Fitzcharles v. Mayer , 284 Mich. 122 ( 1938 )

  • [EDITORS' NOTE: THIS PAGE CONTAINS HEADNOTES. HEADNOTES ARE NOT AN OFFICIAL PRODUCT OF THE COURT, THEREFORE THEY ARE NOT DISPLAYED.] *Page 124 Plaintiff sued defendants to recover damages for injuries sustained in an automobile collision. From judgment for plaintiff, defendants Adcock, Mayer and Roberts appeal.

    Adcock was the driver of a taxicab owned and operated by Mayer and Roberts, copartners. At the *Page 125 time of the accident he was driving one of their taxicabs on company business. Plaintiff was driving a Ford coupe and defendant Harper an Oldsmobile. The collision resulting in plaintiff's injuries occurred December 31, 1936, on the paved highway between St. Joseph and Benton Harbor. In plaintiff's car with him were his wife and two sons. He was driving westerly between the north street car tracks and the northerly edge of the pavement and could see approximately 1,000 feet ahead. Defendant Harper was driving easterly at from 50 to 60 miles an hour in violation of law. The taxicab had been driven from Benton Harbor with a passenger to the St. Joseph Fisheries on the north side of the road 165 feet west of the river bridge. It stopped at the Fisheries' office which the passenger visited, and after the passenger re-entered the taxicab Adcock started the cab. There was testimony plaintiff saw the taxicab and saw Harper's car coming at a high rate of speed. The taxicab made a U-turn ahead of Harper's car which the testimony indicates was going about 60 miles an hour and Harper, in trying to avoid hitting the taxicab, swerved his car to the left and hit plaintiff's car head on causing plaintiff's injuries.

    Plaintiff claims the accident was caused by the concurring negligence of Harper and Adcock. Appellants claim Harper's negligence was the sole cause of the accident and that plaintiff was negligent in not observing defendant Harper and turning to the right to avoid the collision.

    At the close of plaintiff's case, appellants made a motion for directed verdict on the ground plaintiff was guilty of contributory negligence in driving with four persons in the seat, failing to turn to the right when a collision was imminent, and because there *Page 126 was no proof of appellants' negligence and the accident occurred by reason of the concurring negligence of Harper and plaintiff and it could not be reasonably anticipated a collision would result from Adcock's action. Defendant Harper moved for a directed verdict on the ground the proof showed he was driving carefully and Adcock's U-turn created a sudden dangerous emergency requiring immediate action and that in seeking to avoid collision with the taxicab his car collided with that of plaintiff; that plaintiff was guilty of contributory negligence in not turning to the right, in driving with four in the seat, and with but one hand on the steering wheel. The court reserved decision under the Empson act (3 Comp. Laws 1929, § 14531 et seq. [Stat. Ann. § 27.1461 etseq.]), defendants put in their testimony, the motions were renewed at the close of all the testimony, and the case submitted to the jury resulting in a verdict for plaintiff. There was motion for judgment notwithstanding the verdict, which was overruled, and judgment entered.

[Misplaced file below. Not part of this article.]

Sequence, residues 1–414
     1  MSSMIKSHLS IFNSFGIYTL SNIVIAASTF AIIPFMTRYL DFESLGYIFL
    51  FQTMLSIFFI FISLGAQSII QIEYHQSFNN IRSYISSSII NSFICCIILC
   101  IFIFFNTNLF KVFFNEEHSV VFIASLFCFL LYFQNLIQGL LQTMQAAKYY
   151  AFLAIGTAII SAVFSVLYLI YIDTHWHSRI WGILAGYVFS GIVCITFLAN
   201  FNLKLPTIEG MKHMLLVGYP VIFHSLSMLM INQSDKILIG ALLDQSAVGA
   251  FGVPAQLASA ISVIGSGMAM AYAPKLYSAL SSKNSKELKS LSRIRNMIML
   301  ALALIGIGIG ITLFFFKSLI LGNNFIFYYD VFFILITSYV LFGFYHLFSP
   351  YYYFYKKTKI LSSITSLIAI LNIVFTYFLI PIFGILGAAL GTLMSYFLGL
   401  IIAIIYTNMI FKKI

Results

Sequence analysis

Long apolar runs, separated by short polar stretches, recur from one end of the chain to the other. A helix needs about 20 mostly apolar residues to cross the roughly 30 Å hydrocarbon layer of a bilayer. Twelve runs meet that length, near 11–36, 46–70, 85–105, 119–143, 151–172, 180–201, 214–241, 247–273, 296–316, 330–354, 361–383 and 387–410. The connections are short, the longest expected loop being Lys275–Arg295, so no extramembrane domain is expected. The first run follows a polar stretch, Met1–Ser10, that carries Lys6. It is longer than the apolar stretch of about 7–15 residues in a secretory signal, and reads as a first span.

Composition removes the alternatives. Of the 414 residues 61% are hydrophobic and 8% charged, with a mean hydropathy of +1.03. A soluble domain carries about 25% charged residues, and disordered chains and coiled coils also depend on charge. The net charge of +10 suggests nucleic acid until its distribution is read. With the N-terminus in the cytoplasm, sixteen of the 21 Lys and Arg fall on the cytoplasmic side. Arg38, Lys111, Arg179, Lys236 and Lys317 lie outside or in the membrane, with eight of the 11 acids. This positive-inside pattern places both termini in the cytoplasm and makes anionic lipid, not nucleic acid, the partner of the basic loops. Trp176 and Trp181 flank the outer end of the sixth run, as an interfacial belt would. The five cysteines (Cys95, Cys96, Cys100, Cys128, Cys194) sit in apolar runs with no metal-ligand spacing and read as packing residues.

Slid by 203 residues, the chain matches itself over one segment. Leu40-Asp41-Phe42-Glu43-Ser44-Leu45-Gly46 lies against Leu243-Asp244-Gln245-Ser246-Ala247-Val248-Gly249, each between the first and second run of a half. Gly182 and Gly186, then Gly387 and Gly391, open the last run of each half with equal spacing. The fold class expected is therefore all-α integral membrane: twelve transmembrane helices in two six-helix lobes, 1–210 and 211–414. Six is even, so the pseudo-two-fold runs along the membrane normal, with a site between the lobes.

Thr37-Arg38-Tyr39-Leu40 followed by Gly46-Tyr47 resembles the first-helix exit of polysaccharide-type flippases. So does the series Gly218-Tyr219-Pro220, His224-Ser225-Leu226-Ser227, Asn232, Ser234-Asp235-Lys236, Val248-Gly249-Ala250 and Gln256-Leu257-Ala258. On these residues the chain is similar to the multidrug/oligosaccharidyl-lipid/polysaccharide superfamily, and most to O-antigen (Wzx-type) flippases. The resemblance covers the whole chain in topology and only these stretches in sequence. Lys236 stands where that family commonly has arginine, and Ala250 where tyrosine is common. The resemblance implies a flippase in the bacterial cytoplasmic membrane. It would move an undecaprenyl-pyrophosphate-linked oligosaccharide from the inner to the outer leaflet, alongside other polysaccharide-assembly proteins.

If appellants' motion, made at the conclusion of plaintiff's testimony, was good, it should have been granted. 3 Comp. Laws 1929, § 14307 (Stat. Ann. § 27.1036); Johnston v. Cornelius,193 Mich. 115. A motion by defendants was made at the conclusion of all the testimony for a directed verdict, and in considering the case we must take the testimony in its aspect most favorable to plaintiff. Heintzelman v. Railroad Co.,260 Mich. 688. The same rule applies in the consideration of the case on appeal. Patterson v. Thatcher, 273 Mich. 597; Berke v.Murphy, 280 Mich. 633.

    Plaintiff was where he had a right to be and it was a question of fact whether he was guilty of contributory negligence. Lawrence v. Bartling Dull Co., *Page 127 255 Mich. 580; Patterson v. Wagner, 204 Mich. 593. It is not shown the number of passengers in the front seat, or the fact that at the time of the impact plaintiff had but one hand on the wheel, contributed to the injury. Whether such action upon the part of plaintiff did so or not was a question of fact for the jury. It could not be said as a matter of law plaintiff had sufficient opportunity to turn to the right and avoid the collision. There was no proof plaintiff's having four persons in the seat had any causal connection with the collision.Syneszewski v. Schmidt, 153 Mich. 438.